Business has been booming for Amazon, and the future looks bright.
One of the surprise contributors to this success is the Amazon Echo, a smart speaker that's capable of answering your questions, playing back music and podcasts, and controlling smart devices in your home.
Disclosure: I don't own an Echo, and I made fun of its debut (because I found the initial ads pretty creepy). But the device has gotten rave reviews from major outlets like CNET, Recode, and The New York Times, to name just a few. And on Amazon.com, it's received more than 44,000 reviews to date, with an average rating of 4.5 stars (out of five).
So how exactly did the Echo come to be?
It seems that the Amazon team started with a form of strategic thinking known as retrograde analysis.
Or, as it's more commonly known, working backwards.
Mike George, vice president of Amazon Echo, said the idea for the device began with a pretend press release (as reported by Yahoo).
We have a thing called "working backwards." The first thing we do is we write a press release, ignoring every technical thing we can't do for now. It's our aspirations. We also write FAQs where we identify every question we would receive as if we issued the press release. We answer the questions in aspirational ways too, ignoring, for the moment, the technical hurdles. In some cases we actually build things.
George goes on to describe how everyone in the room then debates the product, speaking up against any potential pitfalls. Doing so is significant, because agreeing to work on the team is the same as approving the idea. Team members are then expected to commit wholly to the success of the project.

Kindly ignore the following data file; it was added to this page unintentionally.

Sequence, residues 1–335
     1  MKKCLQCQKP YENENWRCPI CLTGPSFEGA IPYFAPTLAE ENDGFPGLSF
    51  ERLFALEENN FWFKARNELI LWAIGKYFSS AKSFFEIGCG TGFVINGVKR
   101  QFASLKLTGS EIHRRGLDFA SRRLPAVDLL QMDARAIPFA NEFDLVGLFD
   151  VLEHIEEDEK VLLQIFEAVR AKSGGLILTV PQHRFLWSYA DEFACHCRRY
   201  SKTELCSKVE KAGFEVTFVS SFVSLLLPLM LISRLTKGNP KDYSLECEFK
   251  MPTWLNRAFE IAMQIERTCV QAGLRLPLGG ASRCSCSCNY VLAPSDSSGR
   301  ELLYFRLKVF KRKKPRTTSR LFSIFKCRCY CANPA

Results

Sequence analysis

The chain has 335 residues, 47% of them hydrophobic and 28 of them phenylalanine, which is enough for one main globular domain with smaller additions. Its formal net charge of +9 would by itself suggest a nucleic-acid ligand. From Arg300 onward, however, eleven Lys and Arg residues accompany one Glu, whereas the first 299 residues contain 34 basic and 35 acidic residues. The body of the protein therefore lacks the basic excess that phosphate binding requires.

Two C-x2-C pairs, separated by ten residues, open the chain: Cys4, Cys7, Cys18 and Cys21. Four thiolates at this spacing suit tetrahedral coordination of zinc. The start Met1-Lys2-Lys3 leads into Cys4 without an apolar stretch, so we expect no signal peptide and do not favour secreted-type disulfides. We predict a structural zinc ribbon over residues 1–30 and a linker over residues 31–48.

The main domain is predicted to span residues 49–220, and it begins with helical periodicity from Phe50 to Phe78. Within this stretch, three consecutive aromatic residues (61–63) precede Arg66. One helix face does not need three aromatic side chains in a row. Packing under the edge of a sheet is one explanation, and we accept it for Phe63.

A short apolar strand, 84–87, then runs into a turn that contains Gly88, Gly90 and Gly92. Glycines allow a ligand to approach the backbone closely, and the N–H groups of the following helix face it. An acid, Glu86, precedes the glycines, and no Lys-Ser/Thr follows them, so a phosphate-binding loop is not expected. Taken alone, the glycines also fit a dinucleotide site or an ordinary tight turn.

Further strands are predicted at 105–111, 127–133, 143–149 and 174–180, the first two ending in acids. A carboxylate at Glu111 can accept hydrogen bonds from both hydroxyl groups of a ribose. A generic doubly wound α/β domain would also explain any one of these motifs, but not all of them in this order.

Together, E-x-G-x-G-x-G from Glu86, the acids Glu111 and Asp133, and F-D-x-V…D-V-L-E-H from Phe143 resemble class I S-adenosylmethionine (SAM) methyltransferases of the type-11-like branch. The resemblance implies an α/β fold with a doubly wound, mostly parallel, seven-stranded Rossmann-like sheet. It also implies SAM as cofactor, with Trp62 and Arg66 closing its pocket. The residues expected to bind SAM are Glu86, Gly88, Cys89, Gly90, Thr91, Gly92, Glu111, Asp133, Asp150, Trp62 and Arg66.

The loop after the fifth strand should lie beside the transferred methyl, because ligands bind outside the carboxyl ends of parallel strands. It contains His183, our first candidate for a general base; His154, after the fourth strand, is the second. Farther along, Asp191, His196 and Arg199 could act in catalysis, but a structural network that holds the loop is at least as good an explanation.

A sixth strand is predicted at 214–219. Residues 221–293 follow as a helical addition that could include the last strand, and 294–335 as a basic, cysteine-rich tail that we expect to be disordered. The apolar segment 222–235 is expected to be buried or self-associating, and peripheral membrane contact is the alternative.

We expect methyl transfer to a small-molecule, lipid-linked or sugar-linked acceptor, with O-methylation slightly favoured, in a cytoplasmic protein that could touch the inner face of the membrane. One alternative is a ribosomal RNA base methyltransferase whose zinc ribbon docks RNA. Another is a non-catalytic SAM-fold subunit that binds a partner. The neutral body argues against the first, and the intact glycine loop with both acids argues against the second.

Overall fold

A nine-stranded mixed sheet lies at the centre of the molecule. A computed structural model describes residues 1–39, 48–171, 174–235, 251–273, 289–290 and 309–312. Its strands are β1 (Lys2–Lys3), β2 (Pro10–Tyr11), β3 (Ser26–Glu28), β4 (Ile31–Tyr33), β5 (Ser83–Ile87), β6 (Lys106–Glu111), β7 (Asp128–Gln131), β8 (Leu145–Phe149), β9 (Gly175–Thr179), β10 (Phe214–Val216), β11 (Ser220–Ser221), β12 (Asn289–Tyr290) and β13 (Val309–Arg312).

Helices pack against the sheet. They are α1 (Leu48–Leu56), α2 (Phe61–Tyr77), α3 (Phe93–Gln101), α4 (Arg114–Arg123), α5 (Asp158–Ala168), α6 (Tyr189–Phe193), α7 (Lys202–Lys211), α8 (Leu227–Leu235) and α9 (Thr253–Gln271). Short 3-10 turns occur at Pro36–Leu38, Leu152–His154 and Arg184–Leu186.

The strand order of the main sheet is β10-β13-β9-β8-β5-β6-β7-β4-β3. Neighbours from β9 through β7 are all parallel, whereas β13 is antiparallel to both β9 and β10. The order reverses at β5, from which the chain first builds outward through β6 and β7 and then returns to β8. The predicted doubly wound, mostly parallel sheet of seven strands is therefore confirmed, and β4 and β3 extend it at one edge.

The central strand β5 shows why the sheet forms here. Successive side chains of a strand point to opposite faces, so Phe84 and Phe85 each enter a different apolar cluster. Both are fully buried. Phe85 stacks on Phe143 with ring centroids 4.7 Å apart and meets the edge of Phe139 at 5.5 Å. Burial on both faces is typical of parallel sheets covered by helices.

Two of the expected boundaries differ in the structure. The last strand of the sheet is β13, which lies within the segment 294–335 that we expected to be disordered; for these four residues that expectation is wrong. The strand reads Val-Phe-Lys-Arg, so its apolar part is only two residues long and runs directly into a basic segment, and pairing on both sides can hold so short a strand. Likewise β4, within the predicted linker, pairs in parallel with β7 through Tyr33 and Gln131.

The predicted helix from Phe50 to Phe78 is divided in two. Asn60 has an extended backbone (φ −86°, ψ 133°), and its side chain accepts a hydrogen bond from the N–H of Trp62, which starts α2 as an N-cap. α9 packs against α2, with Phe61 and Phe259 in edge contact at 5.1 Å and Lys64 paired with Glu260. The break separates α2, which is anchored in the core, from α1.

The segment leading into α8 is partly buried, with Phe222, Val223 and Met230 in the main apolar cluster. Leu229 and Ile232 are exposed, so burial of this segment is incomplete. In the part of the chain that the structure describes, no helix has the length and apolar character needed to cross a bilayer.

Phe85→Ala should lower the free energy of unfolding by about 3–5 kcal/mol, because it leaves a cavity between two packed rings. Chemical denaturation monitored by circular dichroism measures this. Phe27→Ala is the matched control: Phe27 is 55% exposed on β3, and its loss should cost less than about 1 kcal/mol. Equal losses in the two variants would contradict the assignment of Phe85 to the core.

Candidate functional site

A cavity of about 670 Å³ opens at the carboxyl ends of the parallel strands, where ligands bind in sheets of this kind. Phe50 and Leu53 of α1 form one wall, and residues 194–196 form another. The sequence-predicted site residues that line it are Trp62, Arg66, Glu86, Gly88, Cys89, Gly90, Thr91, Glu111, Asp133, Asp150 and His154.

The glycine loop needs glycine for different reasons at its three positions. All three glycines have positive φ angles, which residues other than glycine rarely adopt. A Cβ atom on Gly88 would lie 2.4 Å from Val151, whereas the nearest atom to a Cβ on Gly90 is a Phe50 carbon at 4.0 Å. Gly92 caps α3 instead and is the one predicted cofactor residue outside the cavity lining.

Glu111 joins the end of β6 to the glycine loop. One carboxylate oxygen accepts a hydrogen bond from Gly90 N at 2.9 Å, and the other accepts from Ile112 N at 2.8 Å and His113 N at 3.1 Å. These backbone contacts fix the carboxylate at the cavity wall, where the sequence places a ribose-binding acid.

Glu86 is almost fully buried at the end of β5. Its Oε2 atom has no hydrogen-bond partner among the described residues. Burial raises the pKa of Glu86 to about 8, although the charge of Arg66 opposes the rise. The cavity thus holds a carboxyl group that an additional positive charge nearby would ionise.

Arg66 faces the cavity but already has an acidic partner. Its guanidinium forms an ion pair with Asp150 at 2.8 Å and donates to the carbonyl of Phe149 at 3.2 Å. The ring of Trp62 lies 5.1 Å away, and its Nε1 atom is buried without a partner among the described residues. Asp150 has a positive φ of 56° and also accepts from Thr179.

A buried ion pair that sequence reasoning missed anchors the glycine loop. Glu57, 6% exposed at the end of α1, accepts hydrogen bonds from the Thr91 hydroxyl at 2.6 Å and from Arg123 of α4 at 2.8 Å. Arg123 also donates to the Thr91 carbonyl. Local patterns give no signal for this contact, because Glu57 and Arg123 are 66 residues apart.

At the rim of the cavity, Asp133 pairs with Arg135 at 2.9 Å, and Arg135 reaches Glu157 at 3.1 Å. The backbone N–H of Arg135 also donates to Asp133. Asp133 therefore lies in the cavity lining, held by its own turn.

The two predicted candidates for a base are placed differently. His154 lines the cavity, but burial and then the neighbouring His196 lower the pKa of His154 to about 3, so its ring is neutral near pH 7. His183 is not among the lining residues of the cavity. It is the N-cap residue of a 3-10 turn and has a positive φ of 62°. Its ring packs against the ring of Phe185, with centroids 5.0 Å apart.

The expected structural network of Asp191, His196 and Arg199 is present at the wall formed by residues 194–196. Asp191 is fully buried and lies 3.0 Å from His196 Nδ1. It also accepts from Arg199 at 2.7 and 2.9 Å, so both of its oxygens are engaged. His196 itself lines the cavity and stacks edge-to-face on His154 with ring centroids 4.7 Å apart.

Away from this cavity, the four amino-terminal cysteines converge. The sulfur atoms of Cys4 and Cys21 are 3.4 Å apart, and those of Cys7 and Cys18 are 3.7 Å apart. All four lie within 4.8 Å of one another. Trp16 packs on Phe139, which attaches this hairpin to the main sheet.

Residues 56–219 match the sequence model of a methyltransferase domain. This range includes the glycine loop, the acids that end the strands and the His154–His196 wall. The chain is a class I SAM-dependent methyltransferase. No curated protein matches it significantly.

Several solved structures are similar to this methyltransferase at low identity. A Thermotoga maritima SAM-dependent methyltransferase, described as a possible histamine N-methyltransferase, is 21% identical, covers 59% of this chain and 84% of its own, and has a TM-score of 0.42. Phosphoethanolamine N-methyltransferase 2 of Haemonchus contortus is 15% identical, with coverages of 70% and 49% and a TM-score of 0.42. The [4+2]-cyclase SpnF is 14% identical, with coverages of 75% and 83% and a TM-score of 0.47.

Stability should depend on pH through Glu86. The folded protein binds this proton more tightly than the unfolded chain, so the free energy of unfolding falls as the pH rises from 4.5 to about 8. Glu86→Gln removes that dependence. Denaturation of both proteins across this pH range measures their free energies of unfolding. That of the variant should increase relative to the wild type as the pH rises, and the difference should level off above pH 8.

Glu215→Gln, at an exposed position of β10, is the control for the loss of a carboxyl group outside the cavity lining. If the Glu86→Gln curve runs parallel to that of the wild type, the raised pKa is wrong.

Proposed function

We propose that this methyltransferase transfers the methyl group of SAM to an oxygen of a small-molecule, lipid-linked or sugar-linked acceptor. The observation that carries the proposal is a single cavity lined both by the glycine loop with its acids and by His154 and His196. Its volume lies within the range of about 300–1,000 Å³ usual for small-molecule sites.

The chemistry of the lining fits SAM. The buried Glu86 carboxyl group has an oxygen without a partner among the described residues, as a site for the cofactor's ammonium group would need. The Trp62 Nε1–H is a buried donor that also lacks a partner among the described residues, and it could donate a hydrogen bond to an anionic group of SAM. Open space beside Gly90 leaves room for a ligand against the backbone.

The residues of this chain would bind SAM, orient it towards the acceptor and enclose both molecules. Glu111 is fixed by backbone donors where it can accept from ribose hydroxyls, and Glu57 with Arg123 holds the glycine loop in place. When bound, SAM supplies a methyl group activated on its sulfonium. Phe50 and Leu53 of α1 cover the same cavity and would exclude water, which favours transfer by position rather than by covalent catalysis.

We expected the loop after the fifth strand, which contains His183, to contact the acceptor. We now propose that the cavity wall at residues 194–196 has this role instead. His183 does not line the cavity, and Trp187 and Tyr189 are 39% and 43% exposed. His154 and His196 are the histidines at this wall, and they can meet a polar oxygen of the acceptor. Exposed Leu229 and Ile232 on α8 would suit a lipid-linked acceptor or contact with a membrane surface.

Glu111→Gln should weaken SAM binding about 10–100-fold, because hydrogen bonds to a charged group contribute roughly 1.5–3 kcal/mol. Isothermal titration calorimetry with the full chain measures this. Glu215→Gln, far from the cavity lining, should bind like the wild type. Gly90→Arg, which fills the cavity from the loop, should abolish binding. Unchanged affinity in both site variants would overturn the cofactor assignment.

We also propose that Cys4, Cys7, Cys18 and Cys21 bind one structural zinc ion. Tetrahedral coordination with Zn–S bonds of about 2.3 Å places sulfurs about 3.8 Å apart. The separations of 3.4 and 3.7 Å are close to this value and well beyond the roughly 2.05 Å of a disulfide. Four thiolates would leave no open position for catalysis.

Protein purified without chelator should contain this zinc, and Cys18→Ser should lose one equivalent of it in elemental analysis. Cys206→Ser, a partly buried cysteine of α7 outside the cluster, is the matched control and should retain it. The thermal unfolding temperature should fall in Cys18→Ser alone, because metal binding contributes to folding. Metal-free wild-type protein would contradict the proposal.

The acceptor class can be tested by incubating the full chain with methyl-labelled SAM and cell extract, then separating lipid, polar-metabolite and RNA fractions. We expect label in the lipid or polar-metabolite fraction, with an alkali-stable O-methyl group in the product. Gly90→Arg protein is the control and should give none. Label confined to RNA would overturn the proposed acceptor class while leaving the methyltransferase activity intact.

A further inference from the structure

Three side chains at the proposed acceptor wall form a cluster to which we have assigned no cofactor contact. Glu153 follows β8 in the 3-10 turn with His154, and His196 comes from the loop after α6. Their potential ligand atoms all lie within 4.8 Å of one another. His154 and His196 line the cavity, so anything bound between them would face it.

So how can you learn to work backwards? Here are two tips:
1. Start with the end.
Often, planning a project from step one results in overspending on initial stages and rushing (or underfunding) the all-important work that comes later.
Instead, try planning your project by working backwards from the final steps. Often this enables you to allocate time and resources in a more balanced manner.
2. Find the consumer's perspective.
More isn't always better. Too many choices can be paralyzing--for both employee and consumer.
Start by thinking of the consumer, and what he or she truly wants--as opposed to what it's possible to provide. Then narrow things down and focus on the best options.
Putting It Into Practice
Amazon's not the only company working backwards. Retrograde analysis is used in fields such as law, science, medicine, and even the stock market. (Here's a feature detailing how a chess grandmaster uses the technique.)
It's all about learning to see the future.
And that's one thing Amazon's always done well.